Monday, September 20, 2021

Time to think about planting cover crops

• By Virginia Sykes •

cover crop
As corn and soybean come out of the fields, it’s time to think about planting cover crops — photo courtesy University of Tennessee

As corn and soybean come out of the fields, it’s time to think about planting cover crops. Cover crops offer many benefits to cash crop systems.

They can improve soil health and long-term resiliency, suppress weeds, reduce soil and nutrient losses, and provide nitrogen to your subsequent cash crop. However, it is important to remember that not all cover crop species and varieties are created equal.

Just like planting a maturity group 0 soybean in Tennessee is not going to maximize your yield, planting a cover crop species or variety that is not regionally adapted is not going to maximize your benefits.

Which cover crop species/varieties will maximize benefits in a Tennessee production system? Over the past two years, we have conducted cover crop variety trials in Tennessee to help answer that question.

The latest results from 2020-2021 can be found here. Pdf and excel files from all years are available at https://search.utcrops.com/cover-crops.

Methods

For the 2020 -2021 trial year, public and private institutions were invited to submit entries into an early-planted (~Oct. 1) and/or late-planted (~Nov. 1) test. While research shows that planting earlier will give you the greatest amount of biomass, we do not all have the luxury of getting out in the field to plant a cover by Oct. 1.

Because of that, we wanted to identify top performers for either of these common cover crop planting dates. Trials were located in East (Knoxville) and Middle (Spring Hill), Tennessee.

Forty-four early planted entries and 26 late-planted entries were evaluated for cover, weed proportion, and height, over the course of the growing season (Dec., Feb., Apr., May), and biomass, nitrogen release, and forage quality, at two termination timings (Apr. 1, May 1).

Entries included single variety monocultures of a cereal, legume, or brassica, and two-species mixes of a cereal and legume variety. Top performers were defined as varieties in the upper 25% or not statistically different from the highest value within a trait.

Summary of top performers

A select list of varieties and mixes that were either a top performer for April or May biomass or a top performer for nitrogen release, fall cover, and/or winter cover, with above average April or May biomass, are given for the early planted trial (Table 1) and late planted trial (Table 2).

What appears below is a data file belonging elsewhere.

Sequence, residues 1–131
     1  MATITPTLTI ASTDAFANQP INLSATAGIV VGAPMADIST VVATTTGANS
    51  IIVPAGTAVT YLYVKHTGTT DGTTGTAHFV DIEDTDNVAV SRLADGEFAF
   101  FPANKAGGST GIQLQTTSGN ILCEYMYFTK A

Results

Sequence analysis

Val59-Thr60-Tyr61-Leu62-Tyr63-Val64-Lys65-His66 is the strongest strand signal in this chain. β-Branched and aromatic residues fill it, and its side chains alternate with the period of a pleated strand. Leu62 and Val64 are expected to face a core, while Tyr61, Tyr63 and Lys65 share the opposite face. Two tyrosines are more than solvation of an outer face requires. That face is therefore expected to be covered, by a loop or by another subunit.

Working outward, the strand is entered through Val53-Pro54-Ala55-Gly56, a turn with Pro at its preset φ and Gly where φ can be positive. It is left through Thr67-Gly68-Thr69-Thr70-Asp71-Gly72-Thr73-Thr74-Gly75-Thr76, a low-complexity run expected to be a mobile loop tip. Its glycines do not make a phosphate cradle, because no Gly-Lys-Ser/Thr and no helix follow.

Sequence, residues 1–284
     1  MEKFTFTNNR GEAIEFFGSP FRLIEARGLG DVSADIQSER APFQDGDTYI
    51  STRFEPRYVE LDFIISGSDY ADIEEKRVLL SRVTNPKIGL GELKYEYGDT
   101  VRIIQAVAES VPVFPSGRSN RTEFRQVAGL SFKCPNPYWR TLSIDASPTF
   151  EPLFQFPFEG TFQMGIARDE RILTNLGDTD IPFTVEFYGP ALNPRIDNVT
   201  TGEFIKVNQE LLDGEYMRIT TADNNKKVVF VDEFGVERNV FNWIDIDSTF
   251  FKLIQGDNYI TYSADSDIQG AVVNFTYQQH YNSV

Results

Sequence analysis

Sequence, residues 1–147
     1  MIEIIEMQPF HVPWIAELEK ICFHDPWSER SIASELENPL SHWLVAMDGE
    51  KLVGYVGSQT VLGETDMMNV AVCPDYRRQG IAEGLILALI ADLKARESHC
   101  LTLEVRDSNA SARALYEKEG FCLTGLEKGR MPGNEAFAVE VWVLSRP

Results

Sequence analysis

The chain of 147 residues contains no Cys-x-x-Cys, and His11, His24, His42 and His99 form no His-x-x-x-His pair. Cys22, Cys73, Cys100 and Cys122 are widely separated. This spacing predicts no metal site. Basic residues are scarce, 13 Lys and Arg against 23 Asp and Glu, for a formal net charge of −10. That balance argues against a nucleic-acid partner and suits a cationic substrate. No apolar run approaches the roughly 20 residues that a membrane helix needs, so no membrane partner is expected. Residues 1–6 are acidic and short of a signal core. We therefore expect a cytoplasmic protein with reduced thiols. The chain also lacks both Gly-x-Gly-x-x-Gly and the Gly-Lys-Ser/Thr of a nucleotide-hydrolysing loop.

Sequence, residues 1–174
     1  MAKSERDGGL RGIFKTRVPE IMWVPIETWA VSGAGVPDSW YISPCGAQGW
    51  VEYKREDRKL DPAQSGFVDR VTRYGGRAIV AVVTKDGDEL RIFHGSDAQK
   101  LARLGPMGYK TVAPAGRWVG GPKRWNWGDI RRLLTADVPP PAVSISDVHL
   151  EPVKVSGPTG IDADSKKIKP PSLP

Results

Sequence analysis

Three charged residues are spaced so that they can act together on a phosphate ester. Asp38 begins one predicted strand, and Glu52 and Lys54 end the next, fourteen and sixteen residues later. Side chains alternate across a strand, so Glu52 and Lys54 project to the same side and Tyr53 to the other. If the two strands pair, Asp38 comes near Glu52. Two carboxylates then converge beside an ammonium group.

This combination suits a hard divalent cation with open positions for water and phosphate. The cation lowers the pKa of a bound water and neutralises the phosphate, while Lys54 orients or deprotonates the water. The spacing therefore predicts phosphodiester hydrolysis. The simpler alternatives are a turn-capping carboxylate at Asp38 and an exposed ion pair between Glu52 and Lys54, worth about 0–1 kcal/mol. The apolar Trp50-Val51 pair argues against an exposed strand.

Planting earlier (Oct. 1) and terminating later (May 1) provided the greatest amount of biomass at termination, with top performers averaging 6,331 lb/ac. This is nearly double that from the same planting date combined with an earlier termination (April 1), where top performers averaged 3,537 lb/ac. Planting later (Nov. 1) reduced biomass by around 50% compared to an earlier planting, with top performers averaging 3,896 lb/ac with a May 1 termination and 1,610 lb/ac with an Apr. 1 termination.

Top performers for biomass were all cereal monocultures or cereal/legume mixes. This is dissimilar from last year, where legume monocultures were also included in this list. However, several legume varieties did have above average biomass, along with top performance for nitrogen release, fall cover, and/or winter cover.

Within this group, top performers for nitrogen released over a 12-wk. period ranged from 24 to 53 lb/ac with an Apr. 1 termination and 48 lb/ac to 71 lb/ac with a May 1. termination.

Cereal/legume mixes combined the best characteristics of both individual groups, with several mixes identified as top performers for biomass, nitrogen release, and winter cover. Brassica entries were not as competitive as cereals and legumes for cover, biomass, or nitrogen release.

For a full list of varieties evaluated, as well as additional traits, such as forage quality, see UT Extension publication W 1022 Cover Crop Variety Tests in Tennessee 2021.

Dr. Virginia Sykes is an assistant agronomy professor with the University of Tennessee. She may be reached at vsykes@utk.edu

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